Prospective studies of nonadherence linked to clinical outcome are few. Nevins et al. prospectively monitored medication adherence in 180 newly transplanted patients using electronic Medication Event Monitoring System technology (MEMS bottle cap) for 4 years, with a subsequent 4.7-year follow-up to determine the relationship between nonadherence and clinical outcome (23). Patients were subdivided into tertiles based on adherence patterns to daily azathioprine dosing established in the first 6 months posttransplantation: Tertile A missed <1.5% of doses, tertile B missed >1.5 to <5% of doses, and tertile C was nonadherent with ≥5% of doses. Nonadherence appeared early with ≥50% patients missing ≥1 day between day 0 and day 90. Adherence in all groups declined over time, but maintained rank order. Clinically, tertile C fared worst with earlier and more frequent rejections (P = 0.025), longer interdose intervals (P = 0.005), and more drug holidays (P < 0.001). Authors identified a subgroup (n = 23) that skipped medication ≥2 days in the second posttransplant month. The late acute rejection rates (P < 0.001) and graft loss before death rates (P < 0.001) were higher in this group compared with those in the other patients studied. The authors concluded that even minor medication adherence infractions have significant predictive value for worse clinical outcomes in transplant recipients. Chisholm et al., analyzing data from the United States Renal Data System, found greater adherence to be more significantly associated with long-term robust clinical outcomes in pediatric renal transplant recipients than in adult recipients (24). Denhaerynck and colleagues measured nonadherence in adult renal transplant recipients by a number of different methods in patients whose immunosuppression included mycophenolate mofetil, sirolimus, or tacrolimus (25). Interestingly, no association was found between nonadherence and allograft function and survival, leading these authors to postulate that newer immunosuppressants might allow less stringent adherence margins than older agents (azathioprine or cyclosporine).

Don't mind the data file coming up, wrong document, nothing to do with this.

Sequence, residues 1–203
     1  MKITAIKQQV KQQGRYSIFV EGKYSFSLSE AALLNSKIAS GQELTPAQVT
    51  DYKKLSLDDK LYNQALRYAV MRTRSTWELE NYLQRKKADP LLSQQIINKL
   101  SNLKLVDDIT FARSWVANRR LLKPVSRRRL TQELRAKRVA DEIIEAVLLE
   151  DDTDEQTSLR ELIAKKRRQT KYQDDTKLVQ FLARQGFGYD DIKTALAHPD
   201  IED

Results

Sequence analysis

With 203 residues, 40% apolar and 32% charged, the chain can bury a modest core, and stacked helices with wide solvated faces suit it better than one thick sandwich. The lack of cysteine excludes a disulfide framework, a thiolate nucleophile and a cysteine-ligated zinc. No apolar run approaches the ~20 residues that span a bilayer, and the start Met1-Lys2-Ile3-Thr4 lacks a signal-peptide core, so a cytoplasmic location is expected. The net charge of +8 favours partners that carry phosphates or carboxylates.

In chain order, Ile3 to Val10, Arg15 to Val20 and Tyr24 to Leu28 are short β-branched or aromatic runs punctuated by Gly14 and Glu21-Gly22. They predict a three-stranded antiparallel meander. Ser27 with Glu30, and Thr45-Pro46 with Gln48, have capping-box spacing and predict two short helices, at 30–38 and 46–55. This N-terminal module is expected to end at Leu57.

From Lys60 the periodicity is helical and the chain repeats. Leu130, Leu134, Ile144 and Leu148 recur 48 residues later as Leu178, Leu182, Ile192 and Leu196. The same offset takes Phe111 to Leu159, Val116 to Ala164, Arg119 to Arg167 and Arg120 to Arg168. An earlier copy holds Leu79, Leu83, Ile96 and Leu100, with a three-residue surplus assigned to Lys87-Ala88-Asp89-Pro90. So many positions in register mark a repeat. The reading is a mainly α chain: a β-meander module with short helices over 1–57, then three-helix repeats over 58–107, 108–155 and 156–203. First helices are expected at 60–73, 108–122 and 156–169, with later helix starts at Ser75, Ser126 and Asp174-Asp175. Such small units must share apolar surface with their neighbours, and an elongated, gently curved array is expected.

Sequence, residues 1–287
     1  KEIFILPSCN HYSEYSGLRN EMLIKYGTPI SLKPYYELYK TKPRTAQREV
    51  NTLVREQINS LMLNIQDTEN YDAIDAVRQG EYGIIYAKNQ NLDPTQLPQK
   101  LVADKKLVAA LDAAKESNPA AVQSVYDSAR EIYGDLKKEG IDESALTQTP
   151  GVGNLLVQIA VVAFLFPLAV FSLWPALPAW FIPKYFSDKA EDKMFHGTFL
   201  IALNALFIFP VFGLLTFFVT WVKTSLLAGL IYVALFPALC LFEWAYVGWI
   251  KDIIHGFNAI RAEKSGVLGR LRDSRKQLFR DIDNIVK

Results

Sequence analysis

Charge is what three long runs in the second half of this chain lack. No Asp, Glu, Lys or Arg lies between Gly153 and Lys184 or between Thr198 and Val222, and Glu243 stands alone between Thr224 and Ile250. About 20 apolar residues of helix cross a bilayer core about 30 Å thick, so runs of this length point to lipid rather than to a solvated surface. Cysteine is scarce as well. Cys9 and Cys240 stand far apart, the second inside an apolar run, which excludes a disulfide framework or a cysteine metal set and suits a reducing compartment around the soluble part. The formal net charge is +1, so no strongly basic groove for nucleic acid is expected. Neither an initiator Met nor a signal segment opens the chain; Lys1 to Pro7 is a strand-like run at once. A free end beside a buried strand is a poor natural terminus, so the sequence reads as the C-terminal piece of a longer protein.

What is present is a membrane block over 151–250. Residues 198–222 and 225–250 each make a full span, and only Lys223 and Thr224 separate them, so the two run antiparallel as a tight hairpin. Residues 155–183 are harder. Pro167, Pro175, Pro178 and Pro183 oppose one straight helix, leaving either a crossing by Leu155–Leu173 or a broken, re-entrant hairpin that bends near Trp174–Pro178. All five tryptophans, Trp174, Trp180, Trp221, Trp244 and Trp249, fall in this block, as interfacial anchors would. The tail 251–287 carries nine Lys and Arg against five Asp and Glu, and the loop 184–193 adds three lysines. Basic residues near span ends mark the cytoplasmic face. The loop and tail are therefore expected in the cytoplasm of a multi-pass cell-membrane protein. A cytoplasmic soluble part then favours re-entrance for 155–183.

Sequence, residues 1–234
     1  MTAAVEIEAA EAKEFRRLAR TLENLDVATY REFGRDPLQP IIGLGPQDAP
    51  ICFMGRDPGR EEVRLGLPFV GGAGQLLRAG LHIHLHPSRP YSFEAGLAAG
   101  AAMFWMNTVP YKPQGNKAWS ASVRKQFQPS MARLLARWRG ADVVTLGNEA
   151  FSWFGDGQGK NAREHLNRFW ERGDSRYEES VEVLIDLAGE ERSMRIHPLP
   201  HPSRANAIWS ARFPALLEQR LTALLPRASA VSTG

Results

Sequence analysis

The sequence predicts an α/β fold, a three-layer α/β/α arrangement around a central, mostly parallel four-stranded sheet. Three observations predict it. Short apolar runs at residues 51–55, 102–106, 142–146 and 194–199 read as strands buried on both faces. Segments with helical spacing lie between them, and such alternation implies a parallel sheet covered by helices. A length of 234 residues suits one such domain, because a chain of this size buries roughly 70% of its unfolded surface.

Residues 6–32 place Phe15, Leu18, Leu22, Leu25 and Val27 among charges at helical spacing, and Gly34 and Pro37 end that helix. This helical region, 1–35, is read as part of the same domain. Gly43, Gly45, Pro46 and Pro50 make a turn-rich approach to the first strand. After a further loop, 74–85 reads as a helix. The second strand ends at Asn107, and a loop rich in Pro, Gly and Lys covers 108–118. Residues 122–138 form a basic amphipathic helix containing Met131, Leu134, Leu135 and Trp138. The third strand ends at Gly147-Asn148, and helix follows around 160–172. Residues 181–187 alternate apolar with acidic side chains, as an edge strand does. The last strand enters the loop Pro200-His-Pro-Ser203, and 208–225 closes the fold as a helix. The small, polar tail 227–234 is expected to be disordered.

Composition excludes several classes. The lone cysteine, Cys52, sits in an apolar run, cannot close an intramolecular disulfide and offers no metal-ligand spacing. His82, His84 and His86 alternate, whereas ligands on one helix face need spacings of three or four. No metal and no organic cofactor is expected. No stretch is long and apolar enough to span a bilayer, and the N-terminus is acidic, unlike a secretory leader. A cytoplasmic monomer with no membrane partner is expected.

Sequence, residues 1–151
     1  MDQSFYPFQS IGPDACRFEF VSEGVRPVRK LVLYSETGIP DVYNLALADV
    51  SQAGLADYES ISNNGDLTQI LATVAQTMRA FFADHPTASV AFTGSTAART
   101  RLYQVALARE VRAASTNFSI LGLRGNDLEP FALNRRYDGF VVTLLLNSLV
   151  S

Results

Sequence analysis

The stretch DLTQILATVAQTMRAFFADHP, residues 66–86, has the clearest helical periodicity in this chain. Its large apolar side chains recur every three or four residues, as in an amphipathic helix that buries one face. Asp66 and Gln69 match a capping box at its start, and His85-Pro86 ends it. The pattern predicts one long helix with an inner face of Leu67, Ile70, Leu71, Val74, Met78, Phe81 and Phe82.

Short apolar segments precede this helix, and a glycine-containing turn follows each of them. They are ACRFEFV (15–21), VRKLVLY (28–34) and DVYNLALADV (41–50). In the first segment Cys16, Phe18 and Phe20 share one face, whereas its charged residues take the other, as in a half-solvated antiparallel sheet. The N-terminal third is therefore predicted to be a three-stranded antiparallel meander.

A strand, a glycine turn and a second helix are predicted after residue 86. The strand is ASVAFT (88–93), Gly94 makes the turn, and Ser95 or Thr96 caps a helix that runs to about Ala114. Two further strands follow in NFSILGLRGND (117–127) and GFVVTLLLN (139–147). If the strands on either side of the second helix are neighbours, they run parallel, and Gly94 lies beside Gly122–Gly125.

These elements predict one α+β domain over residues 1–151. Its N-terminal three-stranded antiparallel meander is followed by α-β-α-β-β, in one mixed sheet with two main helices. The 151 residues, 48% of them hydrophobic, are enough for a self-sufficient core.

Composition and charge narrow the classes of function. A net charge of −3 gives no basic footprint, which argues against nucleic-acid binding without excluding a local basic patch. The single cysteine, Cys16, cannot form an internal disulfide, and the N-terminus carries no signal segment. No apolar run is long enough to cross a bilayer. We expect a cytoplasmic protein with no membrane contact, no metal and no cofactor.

There may also be a phenotype in which nonadherence is linked to chronic allograft nephropathy. At our institution, we retrospectively examined 83 patients of renal allograft loss attributed to chronic rejection in a cohort of 1005 renal allograft recipients with functioning grafts 6 months posttransplant (26). Of the 83 patients with chronic rejection, 48 were noncompliant. Conversely, among patients deemed compliant, graft loss attributable to chronic rejection was infrequent. Vlaminck et al. also monitored adherence in 146 adult kidney recipients. Twenty-one percent experienced a late acute rejection compared with 8% in the adherent group at 5 years (P < 0.05) (27). Nonadherent patients demonstrated progressive worsening of renal function over time, even in the absence of acute rejection (P < 0.001). They were also more likely to demonstrate markers of antibody activation at biopsy than adherent patients with renal dysfunction, and the histology in nonadherent patients revealed substantially more interstitial fibrosis and tubular atrophy (28). Antibody-mediated rejection is common among nonadherent patients, and with donor-specific antibody a marker for poor outcome, it seems likely that antibody development might link chronic nonadherence with late allograft failure (29,30).

Measuring Nonadherence

The gold standard for measuring adherence remains electronic medication monitoring with a microdevice that records each time a pill bottle is opened (31,32). Limitations include lack of certainty that the medication or correct dose was ingested and lack of availability in clinical practice (33). Nonetheless, studies based on electronic monitoring provide the most reliable insight into patient behavior. Patient self-reporting of nonadherence has inherent limitations; patients may not be willing to disclose shortcomings even in nonthreatening circumstances (34). Pill counts are likewise considered unreliable. Prescription refill rates correlate with adherence, but may be difficult to monitor in clinical practice, and reveal nothing about timing of ingestion. Clinical response may also be an indication of adherence, although other factors can affect this parameter.